Our world is seemingly more disconnected than it was before. When we look around a room, we see more eyes on phones or computers than we do people sharing a conversation.
In March 2016, I took part in Tamarack Institute’s Community Engagement: The Next Generation conference in Ottawa, where we spent several days challenging this notion of disconnect and exploring opportunities to capture and engage individuals through those digital platforms they are so consumed by. Throughout the conference, our hosts presented us with new methods for using social media platforms to draw people in around a cause and build a movement. We learned from case studies, such as the Bissell Centre thrift store, which caught fire and lost its inventory and donations. However, through social media, they were able to start a campaign that brought in more donations and funds than they could have imagined – bringing the centre back to life.
One major takeaway for me was the need to challenge that we live in a decreasingly engaged society and that we need to do a better job at meeting people where they are. If someone is more comfortable sharing and participating in an online community, then we need to develop strategies for engaging those individuals in an appropriate way. We need to consider trends in social media, which platforms are used by whom, when developing campaigns – what is appropriate for Facebook may not translate to Twitter, and vice versa.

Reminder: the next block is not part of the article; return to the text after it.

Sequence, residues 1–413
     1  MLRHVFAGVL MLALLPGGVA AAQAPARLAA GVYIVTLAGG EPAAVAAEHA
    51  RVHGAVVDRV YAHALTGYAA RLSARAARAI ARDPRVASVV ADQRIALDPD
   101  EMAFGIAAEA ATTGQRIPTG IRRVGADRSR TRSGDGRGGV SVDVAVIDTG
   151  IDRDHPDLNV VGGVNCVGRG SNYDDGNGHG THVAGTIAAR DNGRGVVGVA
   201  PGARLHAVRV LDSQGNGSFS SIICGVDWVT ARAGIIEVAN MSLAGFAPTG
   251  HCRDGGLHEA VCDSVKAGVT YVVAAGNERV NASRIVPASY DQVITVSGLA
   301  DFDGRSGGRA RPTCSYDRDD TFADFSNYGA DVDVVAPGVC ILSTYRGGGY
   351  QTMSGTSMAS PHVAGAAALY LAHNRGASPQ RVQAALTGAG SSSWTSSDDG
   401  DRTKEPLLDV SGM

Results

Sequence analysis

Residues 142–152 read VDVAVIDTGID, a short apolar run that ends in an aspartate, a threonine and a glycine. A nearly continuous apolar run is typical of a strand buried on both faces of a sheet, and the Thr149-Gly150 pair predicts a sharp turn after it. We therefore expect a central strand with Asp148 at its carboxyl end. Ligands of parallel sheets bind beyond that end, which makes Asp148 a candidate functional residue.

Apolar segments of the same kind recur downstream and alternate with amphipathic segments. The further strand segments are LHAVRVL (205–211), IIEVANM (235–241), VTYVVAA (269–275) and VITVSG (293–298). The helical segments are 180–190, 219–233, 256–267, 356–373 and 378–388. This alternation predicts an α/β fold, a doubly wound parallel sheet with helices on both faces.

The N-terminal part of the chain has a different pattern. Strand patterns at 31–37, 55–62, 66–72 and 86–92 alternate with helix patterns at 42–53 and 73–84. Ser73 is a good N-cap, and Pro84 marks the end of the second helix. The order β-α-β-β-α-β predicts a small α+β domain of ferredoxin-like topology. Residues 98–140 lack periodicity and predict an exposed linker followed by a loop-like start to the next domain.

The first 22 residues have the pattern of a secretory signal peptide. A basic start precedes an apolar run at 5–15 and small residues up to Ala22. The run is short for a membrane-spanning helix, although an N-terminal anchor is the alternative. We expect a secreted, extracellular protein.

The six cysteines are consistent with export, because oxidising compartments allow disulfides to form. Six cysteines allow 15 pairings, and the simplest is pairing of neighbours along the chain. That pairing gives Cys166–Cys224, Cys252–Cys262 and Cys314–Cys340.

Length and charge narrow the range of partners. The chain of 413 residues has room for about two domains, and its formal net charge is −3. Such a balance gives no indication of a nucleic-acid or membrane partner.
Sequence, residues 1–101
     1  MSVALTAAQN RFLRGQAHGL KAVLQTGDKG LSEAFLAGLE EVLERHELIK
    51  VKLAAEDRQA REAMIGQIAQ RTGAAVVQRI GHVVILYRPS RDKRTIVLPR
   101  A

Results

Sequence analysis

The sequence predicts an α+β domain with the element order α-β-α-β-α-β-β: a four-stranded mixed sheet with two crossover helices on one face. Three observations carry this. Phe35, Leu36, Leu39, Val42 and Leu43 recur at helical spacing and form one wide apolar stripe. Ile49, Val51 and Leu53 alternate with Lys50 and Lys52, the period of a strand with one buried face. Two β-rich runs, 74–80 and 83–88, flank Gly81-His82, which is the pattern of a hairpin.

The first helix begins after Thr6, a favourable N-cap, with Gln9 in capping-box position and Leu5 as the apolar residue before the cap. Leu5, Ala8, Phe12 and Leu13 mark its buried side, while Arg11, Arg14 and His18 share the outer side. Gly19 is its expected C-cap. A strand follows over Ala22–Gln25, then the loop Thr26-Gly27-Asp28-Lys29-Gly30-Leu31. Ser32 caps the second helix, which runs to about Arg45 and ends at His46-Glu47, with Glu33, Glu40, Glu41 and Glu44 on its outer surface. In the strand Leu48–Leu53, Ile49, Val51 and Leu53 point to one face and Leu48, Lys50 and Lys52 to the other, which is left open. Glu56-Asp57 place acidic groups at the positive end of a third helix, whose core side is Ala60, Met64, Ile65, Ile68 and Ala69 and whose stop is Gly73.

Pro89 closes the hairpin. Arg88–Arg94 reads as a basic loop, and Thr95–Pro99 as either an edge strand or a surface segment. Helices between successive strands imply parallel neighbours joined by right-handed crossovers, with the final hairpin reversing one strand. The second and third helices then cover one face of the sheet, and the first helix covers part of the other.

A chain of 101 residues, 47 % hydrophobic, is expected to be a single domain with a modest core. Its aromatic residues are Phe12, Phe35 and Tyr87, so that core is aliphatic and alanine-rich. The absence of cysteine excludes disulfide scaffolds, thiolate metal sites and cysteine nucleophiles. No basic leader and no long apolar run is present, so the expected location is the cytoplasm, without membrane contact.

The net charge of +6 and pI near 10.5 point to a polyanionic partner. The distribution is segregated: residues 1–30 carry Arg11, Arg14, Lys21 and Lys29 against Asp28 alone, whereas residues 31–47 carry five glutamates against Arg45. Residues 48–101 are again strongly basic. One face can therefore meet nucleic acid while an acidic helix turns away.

But we also shouldn’t throw traditional organizing and engagement opportunities out the door. As community-builders, we must bridge the gap between web-based engagement and face-to-face engagement. It is on us to create spaces for people to have generative dialogue and community conversations, all the while leveraging new technology to bring people in.
In all, I left the conference wondering what other new technological advancement will come our way in the next generation and look forward to seeing how us community-builders will use tech to bring people together for community change.
This blog was submitted by Nina Holzer, a participant at the Community Engagement: The Next Generation workshop in Ottawa from March 9-11, 2016.